Sunday, October 28, 2007

Garlic Weekend

It was the breakthrough.

Back east, one of the few consolations I had each day was Tony's Cottage Inn. Not only did they have some of the tastiest meatballs I ever had in my life (and I savored Tony's food since I was a little kid -- 40 years or more ago) but their salad with house dressing burned itself deep into my psyche. While I was nearly dying of heartbreak back there so much of the summer, I ate at Tony's often, the distinctive taste of the salad -- with chicken, with fried calamari rings -- soothing my stomach and my soul. While all else was going to hell in a rickety wheelbarrow, Tony's flavors remained the same.


All my teenage and adult life, I'd tried to reproduce that incredibly savory house salad dressing. And failed. I tried a little wine vinegar with oil, salt, and pepper; I tried garlic powder and olive oil and salt (and sometimes a little vinegar); I tried oil and minced Christopher Ranch garlic in a jar with a bit of salt ... nada. Didn't taste the same.

Saturday, on a hunch, I ground up 6 cloves of garlic, covered them with extra light olive oil, added a teaspoon of salt, and added enough water to make about a third of a cup of dressing. Shook it well, and waited for it to steep in the fridge for about an hour and a half ...


Tony's apparently uses freshly crushed, mushed garlic for that incredible taste. I made a salad with it for our every-two-weeks potluck yesterday, and only a few shreds came back, for Alex to taste, and demand that we have it for dinner today.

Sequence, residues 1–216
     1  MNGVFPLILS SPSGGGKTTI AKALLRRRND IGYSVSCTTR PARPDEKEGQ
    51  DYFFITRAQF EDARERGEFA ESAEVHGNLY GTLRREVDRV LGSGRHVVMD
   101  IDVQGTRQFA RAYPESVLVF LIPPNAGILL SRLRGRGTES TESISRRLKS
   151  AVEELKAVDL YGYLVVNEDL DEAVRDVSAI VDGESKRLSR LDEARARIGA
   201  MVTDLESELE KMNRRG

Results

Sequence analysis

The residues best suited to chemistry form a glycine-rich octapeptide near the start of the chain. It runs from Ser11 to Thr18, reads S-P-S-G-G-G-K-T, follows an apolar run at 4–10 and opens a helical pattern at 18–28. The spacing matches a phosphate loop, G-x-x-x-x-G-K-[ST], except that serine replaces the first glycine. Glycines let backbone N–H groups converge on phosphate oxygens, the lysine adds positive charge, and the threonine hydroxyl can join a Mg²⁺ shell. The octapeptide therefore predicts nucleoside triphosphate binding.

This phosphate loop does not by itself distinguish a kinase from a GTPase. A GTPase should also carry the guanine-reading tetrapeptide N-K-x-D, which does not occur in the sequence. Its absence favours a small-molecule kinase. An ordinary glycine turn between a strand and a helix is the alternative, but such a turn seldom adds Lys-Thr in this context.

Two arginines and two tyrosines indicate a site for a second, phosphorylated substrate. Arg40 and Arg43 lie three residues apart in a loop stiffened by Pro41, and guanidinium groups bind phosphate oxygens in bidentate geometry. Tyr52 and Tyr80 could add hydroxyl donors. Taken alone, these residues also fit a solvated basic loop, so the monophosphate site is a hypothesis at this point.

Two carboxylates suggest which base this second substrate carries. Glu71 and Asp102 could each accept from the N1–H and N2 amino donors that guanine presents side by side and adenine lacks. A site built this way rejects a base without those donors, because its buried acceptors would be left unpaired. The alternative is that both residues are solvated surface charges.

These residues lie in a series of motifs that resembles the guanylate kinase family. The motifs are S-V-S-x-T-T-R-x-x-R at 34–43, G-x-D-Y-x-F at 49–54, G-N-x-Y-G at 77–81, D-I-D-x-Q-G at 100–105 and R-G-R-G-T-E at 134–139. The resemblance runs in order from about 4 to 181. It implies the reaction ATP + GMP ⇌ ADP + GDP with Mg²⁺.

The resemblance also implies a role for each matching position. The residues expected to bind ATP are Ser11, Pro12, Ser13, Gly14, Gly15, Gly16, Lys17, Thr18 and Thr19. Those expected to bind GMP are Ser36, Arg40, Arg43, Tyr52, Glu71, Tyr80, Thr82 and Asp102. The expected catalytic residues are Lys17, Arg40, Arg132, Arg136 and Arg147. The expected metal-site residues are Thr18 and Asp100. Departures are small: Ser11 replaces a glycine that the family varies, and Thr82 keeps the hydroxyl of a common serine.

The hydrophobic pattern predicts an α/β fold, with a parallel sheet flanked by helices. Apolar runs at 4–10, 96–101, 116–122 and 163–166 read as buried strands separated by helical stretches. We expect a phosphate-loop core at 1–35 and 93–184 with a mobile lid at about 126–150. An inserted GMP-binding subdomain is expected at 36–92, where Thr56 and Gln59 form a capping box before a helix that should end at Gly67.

Well, that was a bit after Bernie came out to observe me readying a "chuck cross rib roast" for the oven. "Could you put some garlic in that?" he asked.

"Sure," I answered, and proceeded to make a slurry of jarred minced garlic and water and inject it into the roast.

I made the new salad dressing and drizzled it over the salad.

Oh, garlic.

No vampires for us, and damn, it all turned out so good.

Wednesday, October 10, 2007

Something To Look Forward To

Only four months away.

The almond harvest is wrapping up; the air is a lot cleaner. We've had to close the bedroom window almost the whole way because the nights have been so chilly.

Waking up and walking around the house with cold feet make me dread the true onset of Autumn weather and then :-- ugh -- Winter, so I console myself with remembering that our "winter" is really pretty short, and that by next mid-February, all kinds of stuff will be blooming, and the air will be thickly scented by almond blossoms.

Cruelly, I noted this to a good friend in Pennsylvania, and she bitterly replied to my email thus: "Four months from now we'll be wondering when the next snowstorm is going to hit."

Well, that's why I'm here in Central California, now isn't it?

Sunday, October 07, 2007

The Time of Year: Getting Ready for NaNoWriMo

When life hands you lemons .... You know it's just about time for National Novel Writing Month!